• ❌ To initialize a PostgreSQL database, it is cruicial that one executes the initdb command, which establishes the necessary environment by creating the primary directory structure, generating the configuration files, and populating the database with the initial catalog.

    • ✅ To set up a PostgreSQL database, use the initdb command. This command creates the main directories, makes configuration files, and adds the starting catalog to the database.

  • Logical flow: Organize content in a logical sequence, making it easier to follow.
  • Headings and subheadings: Use descriptive headings and subheadings to break text into manageable sections, but do not make them too long.
  • Bullet points and lists: Use bullet points or numbered lists for step-by-step instructions or to highlight important points.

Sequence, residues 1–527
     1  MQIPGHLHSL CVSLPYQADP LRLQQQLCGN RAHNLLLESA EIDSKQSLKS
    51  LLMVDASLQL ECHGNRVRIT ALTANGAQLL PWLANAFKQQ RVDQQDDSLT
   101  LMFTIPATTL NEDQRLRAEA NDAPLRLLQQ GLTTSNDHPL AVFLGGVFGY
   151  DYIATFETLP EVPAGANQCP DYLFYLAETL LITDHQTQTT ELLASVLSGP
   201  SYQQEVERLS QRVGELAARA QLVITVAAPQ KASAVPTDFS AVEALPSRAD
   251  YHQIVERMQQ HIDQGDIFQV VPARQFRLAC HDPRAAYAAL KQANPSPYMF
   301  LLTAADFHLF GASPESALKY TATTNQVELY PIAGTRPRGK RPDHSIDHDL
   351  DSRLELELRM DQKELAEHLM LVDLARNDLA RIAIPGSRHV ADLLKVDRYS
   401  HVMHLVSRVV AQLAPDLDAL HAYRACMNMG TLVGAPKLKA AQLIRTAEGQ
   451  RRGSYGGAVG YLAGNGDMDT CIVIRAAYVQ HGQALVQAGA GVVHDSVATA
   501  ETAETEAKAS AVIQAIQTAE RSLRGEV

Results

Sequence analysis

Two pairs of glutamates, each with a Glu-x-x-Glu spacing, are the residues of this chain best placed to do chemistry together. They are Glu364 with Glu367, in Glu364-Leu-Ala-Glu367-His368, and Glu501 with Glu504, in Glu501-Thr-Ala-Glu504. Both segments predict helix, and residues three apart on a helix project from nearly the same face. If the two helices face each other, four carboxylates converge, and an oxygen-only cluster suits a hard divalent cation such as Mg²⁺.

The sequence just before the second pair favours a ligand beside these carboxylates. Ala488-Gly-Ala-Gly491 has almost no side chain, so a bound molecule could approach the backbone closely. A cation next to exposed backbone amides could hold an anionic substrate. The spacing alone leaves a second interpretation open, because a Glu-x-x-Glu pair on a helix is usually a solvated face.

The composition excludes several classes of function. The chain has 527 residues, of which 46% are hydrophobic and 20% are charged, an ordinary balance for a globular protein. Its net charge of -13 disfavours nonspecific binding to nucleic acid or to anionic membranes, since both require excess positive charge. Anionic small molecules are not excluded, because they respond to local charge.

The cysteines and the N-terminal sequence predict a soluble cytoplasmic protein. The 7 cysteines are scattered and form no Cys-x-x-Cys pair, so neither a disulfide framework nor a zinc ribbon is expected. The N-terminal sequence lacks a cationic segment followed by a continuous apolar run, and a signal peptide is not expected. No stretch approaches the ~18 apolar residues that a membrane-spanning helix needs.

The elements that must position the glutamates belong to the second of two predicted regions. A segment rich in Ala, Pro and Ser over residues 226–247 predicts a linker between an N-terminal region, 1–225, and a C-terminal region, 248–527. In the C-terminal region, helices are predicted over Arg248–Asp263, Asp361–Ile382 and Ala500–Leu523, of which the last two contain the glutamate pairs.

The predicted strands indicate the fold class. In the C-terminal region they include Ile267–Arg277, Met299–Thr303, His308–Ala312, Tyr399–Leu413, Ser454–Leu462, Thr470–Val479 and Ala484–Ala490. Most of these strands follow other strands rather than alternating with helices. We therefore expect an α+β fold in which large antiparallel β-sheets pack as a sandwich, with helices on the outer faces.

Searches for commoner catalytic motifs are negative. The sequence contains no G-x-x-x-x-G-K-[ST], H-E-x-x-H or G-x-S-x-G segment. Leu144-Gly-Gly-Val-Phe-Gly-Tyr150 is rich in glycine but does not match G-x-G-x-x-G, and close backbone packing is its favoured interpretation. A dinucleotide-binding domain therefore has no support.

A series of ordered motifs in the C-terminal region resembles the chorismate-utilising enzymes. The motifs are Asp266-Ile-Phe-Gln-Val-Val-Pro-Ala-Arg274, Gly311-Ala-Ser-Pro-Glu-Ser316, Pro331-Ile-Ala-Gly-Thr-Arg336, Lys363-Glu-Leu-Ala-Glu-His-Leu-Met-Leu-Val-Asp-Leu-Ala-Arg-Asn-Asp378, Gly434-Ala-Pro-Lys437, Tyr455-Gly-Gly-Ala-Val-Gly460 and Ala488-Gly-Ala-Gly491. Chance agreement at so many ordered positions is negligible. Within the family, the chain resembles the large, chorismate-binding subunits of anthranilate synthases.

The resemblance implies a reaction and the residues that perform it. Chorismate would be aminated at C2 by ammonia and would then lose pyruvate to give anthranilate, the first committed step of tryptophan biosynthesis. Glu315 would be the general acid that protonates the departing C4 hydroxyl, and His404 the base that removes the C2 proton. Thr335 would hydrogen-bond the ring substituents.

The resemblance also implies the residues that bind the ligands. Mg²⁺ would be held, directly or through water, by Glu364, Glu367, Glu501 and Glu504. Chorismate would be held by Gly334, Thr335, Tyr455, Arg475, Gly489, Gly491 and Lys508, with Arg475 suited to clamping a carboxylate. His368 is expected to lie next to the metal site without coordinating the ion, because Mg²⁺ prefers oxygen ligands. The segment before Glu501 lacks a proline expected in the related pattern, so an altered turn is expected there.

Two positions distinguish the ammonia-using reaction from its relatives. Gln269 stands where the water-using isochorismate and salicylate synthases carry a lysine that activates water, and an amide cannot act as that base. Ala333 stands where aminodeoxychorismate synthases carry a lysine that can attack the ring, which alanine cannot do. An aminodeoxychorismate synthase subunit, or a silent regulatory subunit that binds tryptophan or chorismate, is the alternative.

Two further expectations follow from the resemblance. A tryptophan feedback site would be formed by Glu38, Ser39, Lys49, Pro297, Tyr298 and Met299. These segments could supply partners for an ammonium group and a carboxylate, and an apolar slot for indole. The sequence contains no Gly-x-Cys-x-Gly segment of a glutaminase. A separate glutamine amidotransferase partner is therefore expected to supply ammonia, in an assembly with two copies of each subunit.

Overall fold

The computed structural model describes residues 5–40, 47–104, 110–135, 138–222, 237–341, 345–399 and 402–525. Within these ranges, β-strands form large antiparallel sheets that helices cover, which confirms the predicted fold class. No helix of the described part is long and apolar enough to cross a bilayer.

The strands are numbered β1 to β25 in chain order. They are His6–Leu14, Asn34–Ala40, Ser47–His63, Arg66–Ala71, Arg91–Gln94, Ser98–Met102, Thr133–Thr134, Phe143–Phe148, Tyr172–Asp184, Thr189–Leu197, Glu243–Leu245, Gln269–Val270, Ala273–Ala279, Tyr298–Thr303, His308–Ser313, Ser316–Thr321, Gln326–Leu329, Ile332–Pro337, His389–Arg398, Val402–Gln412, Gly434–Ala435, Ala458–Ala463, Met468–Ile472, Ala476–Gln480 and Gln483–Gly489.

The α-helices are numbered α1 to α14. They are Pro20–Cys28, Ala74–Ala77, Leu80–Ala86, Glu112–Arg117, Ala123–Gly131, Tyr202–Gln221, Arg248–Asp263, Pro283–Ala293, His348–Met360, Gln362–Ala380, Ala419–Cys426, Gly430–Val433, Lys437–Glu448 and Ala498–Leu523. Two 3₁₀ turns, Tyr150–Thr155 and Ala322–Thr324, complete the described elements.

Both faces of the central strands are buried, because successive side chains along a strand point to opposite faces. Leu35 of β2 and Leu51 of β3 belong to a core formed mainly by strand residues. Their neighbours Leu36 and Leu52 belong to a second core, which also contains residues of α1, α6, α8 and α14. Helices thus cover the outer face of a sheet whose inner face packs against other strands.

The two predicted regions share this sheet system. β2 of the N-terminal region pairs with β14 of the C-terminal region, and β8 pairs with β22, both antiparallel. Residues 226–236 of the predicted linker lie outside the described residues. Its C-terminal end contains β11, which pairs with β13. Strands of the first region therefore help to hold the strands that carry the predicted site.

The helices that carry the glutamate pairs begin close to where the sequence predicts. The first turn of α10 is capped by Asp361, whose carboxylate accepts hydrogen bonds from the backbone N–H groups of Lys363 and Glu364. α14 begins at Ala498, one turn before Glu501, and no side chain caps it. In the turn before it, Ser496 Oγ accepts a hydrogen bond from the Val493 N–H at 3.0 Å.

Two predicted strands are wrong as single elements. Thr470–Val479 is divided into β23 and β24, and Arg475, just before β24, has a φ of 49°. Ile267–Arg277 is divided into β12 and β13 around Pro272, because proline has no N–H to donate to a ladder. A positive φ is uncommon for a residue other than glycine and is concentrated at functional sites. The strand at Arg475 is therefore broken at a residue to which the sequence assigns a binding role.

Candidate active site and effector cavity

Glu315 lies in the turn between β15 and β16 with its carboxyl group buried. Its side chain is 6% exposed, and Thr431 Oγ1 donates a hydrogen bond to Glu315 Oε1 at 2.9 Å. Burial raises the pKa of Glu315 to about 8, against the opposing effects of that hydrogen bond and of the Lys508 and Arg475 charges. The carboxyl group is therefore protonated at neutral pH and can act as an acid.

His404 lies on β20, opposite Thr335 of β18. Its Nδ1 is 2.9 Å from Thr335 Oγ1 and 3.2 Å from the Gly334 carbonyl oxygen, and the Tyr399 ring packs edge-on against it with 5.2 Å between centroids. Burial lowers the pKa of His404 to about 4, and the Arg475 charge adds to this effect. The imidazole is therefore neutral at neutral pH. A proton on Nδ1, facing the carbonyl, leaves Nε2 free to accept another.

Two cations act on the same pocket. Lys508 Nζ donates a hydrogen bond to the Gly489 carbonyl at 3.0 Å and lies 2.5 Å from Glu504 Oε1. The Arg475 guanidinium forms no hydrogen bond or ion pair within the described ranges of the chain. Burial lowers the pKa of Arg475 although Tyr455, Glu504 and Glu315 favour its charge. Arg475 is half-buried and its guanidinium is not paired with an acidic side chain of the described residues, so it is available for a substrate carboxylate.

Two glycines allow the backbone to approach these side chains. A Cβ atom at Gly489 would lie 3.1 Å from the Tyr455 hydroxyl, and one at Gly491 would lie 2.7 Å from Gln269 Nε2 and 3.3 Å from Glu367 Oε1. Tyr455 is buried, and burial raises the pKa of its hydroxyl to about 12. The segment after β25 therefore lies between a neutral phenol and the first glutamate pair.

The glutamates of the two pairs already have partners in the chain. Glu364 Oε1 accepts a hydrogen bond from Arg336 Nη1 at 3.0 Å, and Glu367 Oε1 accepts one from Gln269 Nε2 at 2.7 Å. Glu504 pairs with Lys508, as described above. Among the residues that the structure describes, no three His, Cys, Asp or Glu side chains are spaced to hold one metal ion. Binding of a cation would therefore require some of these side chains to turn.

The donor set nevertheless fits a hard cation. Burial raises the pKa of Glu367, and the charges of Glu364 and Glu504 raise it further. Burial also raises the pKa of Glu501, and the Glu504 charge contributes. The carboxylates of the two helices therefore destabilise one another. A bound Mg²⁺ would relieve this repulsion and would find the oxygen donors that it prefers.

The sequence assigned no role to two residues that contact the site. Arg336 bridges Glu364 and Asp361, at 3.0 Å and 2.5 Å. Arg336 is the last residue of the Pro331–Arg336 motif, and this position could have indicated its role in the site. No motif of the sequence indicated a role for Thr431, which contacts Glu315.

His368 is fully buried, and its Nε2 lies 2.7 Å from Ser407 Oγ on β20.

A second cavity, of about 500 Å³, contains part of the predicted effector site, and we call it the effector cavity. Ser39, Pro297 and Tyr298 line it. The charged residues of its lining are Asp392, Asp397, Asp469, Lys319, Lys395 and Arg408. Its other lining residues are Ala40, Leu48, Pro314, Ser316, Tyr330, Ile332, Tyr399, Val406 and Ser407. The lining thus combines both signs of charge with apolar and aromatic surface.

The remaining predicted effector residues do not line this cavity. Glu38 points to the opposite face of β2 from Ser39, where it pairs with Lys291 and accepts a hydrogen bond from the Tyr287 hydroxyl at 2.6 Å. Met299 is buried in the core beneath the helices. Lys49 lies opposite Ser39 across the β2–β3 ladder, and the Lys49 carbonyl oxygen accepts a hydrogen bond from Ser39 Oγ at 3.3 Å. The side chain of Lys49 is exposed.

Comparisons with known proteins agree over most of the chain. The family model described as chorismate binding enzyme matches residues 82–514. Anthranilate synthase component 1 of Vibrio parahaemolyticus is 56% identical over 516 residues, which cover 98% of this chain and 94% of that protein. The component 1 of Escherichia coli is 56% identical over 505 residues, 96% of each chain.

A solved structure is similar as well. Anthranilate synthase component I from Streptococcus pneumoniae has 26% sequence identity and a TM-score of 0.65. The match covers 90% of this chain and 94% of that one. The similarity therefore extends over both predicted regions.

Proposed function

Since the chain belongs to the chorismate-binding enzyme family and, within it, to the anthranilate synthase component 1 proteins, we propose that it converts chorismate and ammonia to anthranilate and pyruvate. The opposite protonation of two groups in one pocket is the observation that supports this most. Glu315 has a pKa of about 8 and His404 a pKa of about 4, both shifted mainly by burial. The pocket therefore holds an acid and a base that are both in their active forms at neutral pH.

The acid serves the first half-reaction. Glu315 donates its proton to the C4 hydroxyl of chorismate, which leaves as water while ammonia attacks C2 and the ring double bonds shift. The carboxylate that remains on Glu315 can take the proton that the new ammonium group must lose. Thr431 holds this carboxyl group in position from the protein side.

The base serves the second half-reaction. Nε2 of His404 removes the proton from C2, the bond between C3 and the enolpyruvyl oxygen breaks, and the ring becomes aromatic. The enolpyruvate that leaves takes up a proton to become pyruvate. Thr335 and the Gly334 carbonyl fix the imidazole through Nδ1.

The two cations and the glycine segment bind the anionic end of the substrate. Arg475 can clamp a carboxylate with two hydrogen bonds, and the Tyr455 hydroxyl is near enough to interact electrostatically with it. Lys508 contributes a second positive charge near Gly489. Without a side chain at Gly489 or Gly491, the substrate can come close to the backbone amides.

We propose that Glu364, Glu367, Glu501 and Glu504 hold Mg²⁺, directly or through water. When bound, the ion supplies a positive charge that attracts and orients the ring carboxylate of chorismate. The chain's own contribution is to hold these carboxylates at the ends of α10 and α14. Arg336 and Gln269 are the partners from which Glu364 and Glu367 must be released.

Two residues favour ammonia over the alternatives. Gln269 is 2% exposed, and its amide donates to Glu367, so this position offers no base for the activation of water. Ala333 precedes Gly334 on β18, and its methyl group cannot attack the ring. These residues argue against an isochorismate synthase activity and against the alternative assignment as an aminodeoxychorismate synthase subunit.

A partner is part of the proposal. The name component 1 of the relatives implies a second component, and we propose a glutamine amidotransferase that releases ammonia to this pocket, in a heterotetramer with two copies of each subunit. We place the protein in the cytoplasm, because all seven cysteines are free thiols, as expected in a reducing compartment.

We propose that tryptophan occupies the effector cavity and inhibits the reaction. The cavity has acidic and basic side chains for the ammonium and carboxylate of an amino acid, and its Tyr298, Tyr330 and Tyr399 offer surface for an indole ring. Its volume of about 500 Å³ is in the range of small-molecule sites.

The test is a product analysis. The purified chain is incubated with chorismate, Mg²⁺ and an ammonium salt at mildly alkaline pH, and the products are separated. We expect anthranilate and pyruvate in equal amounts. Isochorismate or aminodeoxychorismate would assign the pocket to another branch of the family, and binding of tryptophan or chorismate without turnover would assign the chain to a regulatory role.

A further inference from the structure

• Descriptive alt text: Provide alternative text for images, diagrams, and videos to describe what the image represents, especially if it contains important information.
  • Avoid bias: Be mindful of cultural diversity and inclusivity in language and examples.

On this page

Submit a docs pull requestLintingApply the linterTroubleshoot lintingBuild previewStyle guideMDX syntaxWritingLanguage and styleTitlesDate formatsAcronyms and abbreviationsAdmonitionsAccessibilityUse clear and simple languageUse structured and logical organizationFormat text correctlyInclude alternative text for mediaInclusive and diverse representation